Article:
|The Effect of Unplanned Changes in Marital and Disability Status: Interrupted Trajectories and Labor
|Year of Publication
|Williamson, JB, McNamara, TK
|Center for Retirement Research at Boston College Working Papers
|Center for Retirement Research at Boston College
|Adult children, Disabilities, Employment and Labor Force
This study explored the effect of unplanned changes in disability and marital status on labor force participation for a sample of just under six thousand men and women born between 1931 and 1941. It was based on wave 1 (1992) through wave 4 (1998) of the Health and Retirement Study (HRS) data. Binomial hierarchical linear models were used to evaluate the change in the probability of working. Unplanned changes in disability and marital status had effects on labor force participation over and above the effects of the statuses themselves. These findings highlight the need for employer and government policies that minimize the stress that exists with unplanned events. Such policies might encourage higher labor force participation among workers who experience unplanned events that prompt them to exit the labor force earlier than they otherwise would have, with potentially adverse consequences for their subsequent socioeconomic status.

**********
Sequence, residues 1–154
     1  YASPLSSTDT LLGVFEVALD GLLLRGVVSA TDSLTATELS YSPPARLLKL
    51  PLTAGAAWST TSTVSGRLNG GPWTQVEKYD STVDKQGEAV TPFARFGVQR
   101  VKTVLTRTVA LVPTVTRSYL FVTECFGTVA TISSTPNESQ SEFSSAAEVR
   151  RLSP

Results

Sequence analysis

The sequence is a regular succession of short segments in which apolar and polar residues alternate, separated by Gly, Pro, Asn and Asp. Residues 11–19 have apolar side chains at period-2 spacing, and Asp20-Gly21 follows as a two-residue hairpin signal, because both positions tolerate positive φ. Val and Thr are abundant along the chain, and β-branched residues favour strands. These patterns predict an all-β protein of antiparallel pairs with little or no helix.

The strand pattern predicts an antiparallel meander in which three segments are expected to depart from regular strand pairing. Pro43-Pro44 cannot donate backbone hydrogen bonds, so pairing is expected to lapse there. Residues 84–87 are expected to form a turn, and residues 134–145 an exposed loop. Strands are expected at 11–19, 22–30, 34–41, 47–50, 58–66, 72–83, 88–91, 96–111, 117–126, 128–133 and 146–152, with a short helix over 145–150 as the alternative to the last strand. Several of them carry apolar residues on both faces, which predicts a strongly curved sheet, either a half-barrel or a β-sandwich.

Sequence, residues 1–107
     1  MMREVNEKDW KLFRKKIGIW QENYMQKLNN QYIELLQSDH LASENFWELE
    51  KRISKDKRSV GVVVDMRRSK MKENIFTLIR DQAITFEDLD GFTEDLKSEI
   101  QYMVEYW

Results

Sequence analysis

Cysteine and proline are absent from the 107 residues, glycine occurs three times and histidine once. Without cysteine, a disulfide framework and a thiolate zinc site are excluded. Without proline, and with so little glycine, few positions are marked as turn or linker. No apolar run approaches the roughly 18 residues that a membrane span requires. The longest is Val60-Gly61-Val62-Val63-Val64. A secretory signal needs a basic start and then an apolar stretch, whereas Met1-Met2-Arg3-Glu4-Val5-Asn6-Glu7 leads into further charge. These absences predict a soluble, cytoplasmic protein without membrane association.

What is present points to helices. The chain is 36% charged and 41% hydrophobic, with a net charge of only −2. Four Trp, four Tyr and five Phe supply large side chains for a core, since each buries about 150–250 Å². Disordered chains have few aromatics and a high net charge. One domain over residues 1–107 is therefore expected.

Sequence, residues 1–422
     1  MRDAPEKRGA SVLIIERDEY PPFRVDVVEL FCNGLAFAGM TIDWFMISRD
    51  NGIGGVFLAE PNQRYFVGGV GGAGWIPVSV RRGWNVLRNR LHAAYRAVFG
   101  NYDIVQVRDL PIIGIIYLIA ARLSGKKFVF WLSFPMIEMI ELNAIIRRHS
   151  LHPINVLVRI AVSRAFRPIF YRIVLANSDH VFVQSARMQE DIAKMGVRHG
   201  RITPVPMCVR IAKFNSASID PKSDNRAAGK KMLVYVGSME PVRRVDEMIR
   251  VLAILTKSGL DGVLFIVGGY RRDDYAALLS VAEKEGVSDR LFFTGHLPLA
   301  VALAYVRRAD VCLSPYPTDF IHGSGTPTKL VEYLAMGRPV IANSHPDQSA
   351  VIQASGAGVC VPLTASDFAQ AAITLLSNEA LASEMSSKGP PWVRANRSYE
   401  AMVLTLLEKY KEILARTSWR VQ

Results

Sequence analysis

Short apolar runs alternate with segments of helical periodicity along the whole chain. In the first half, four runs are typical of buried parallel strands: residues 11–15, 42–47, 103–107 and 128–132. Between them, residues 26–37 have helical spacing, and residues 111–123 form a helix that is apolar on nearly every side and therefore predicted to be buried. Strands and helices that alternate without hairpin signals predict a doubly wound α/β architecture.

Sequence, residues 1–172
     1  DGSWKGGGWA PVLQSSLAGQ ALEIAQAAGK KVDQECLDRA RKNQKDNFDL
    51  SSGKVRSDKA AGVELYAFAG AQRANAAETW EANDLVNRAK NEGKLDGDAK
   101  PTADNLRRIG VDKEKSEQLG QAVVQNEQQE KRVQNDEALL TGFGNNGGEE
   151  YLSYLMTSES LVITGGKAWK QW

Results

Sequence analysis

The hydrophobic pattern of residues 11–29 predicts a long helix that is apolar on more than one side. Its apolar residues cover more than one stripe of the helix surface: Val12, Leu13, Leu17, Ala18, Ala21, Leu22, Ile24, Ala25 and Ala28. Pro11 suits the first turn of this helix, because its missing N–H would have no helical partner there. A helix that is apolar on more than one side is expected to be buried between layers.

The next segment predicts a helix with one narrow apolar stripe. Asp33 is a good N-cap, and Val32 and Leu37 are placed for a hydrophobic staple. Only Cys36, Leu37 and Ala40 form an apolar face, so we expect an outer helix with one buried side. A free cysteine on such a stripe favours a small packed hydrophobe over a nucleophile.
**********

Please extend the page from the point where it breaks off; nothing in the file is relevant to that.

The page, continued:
Disability/Disability/Marital Status/Labor Force Participation